European Commission backs Tobin tax

Leaders in Europe have backed proposals to introduce a financial transactions tax that will affect 10 countries on the continent.

by Michael Northcott
Last Updated: 19 Aug 2013

With its diabolical financial plight, the eurozone needs all the help it can get to prevent a complete meltdown, and now the European Commission has concocted a way of raising some more cash. Leaders have agreed on plans for a tax that will be levied on all financial transactions across 10 EU member states, and it is thought that the scheme could raise billions of euros.  

The so-called ‘Robin Hood tax’ works by imposing a tiny charge on transactions of currencies, shares traded through banks and financial institutions, and bonds. Millions of transactions such as these are made around the world every day, so it is thought that the total revenue raised could be huge. Somewhere in the region of 57bn euros per year, if the whole of the EU got involved.

But therein lies an obstacle to the EC’s goal of pan-European homogeneity. The UK government has resisted any involvement in such a scheme because of fears that it would disproportionately affect the City of London. Given that London is one of the largest financial centres in the world, we think this is probably a fair observation. Nonetheless, on the continent, Germany France, Italy, Spain, Austria, Belgium, Greece, Portugal, Slovakia and Slovenia have all signed up to the new deal. That ‘ever closer integration’ mantra is gradually being willed into reality…

The EC president Jose Manuel Barroso said: ‘I am delighted to see that 10 member states have indicated their willingness to participate in a common financial transaction tax. This tax can raise billions of euros of much-needed revenue for member states in these difficult times. This is about fairness – we need to ensure the costs of the crisis are shared by the financial sector instead of shouldered by ordinary citizens.’

The only problem is…unless every single currency exchanging body and financial centre in the world signs up at exactly the same time, there will always be a group somewhere that thinks ‘we could do rather well out of this.’ This is the main reason why no-one has had the guts to try this idea since it was dreamed up by the economist James Tobin in 1972. In this case, if the EC’s version goes ahead, then transactional activity is likely to divert largely away from those 10 jurisdictions offering a major boost to London and New York.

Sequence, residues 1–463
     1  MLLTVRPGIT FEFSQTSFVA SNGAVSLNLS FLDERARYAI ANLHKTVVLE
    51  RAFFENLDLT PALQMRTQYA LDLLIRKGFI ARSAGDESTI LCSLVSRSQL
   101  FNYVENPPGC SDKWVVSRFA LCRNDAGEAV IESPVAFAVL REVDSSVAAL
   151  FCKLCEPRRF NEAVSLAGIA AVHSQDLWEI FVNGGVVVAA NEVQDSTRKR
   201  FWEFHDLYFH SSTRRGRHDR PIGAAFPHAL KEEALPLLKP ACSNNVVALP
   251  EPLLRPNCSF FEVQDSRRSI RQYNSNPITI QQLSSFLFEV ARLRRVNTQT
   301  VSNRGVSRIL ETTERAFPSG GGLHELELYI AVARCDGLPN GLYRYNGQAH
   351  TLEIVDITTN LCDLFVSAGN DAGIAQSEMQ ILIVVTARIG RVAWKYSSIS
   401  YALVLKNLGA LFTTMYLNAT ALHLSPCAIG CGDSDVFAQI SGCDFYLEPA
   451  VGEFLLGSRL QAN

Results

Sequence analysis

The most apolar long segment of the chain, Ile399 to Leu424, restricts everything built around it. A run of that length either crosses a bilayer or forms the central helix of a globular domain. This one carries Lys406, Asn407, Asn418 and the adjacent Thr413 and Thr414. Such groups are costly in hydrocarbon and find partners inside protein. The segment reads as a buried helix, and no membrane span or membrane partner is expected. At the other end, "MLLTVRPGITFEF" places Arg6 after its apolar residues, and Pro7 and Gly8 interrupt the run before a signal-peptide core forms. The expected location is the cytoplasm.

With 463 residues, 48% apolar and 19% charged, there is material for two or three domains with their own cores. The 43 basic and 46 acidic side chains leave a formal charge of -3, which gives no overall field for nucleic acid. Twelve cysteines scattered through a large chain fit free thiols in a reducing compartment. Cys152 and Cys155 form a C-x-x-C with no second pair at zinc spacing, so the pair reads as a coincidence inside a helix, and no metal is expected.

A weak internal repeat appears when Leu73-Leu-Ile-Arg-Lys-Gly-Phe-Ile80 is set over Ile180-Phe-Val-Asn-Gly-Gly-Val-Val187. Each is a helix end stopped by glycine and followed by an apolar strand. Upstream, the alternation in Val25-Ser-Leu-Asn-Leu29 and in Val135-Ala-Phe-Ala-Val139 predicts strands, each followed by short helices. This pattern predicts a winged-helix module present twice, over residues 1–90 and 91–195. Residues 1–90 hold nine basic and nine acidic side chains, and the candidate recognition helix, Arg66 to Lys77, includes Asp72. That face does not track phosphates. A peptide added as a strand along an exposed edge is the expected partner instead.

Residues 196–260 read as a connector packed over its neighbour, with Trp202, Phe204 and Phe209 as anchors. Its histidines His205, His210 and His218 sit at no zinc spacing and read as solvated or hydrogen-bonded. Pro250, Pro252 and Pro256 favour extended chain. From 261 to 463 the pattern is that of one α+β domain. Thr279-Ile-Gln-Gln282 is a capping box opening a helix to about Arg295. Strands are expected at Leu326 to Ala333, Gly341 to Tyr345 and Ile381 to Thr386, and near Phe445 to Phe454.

Anyway, with Spain and Greece teetering on the edge of disaster, perhaps this is a good idea for drumming up some cash in hard times. And given that a lot of the economic damage the eurozone is currently suffering was caused by banks, perhaps it’ll be nice to see them cough up some cash…

Find this article useful?

Get more great articles like this in your inbox every lunchtime

Upcoming Events

Latest on MT

When will high street banks disappear?

When will high street banks disappear?

Branches are closing at an accelerating rate, but don't expect them to disappear entirely.

Burger chain Byron em-broiled in controversy after immigration raid

Burger chain Byron em-broiled in controversy after immigration raid

Reputational disasters can emerge out of thin air.

Apple still over-relies on the iPhone

Apple still over-relies on the iPhone

The tech giant's trying hard to diversify, but karaoke shows and Pokémon Go won't make up for dropping iPhone sales.

Will Mark Zuckerberg's mobile-first strategy make Facebook bigger than Google?

Will Mark Zuckerberg's mobile-first strategy make Facebook bigger than Google?

UPDATE: Facebook's mobile revenues increase 84% year on year. Does this give the social network the edge over Google?

5 things you didn't know about R&D tax credits

5 things you didn't know about R&D tax credits

Is your business innovating? You could claim back tax on fuel, staff and other costs.

Can you start your own business without quitting your day job?

Can you start your own business without quitting your day job?

Torn between the freedom of the start-up life and the security of the payroll? As a part-time entrepreneur you can have both.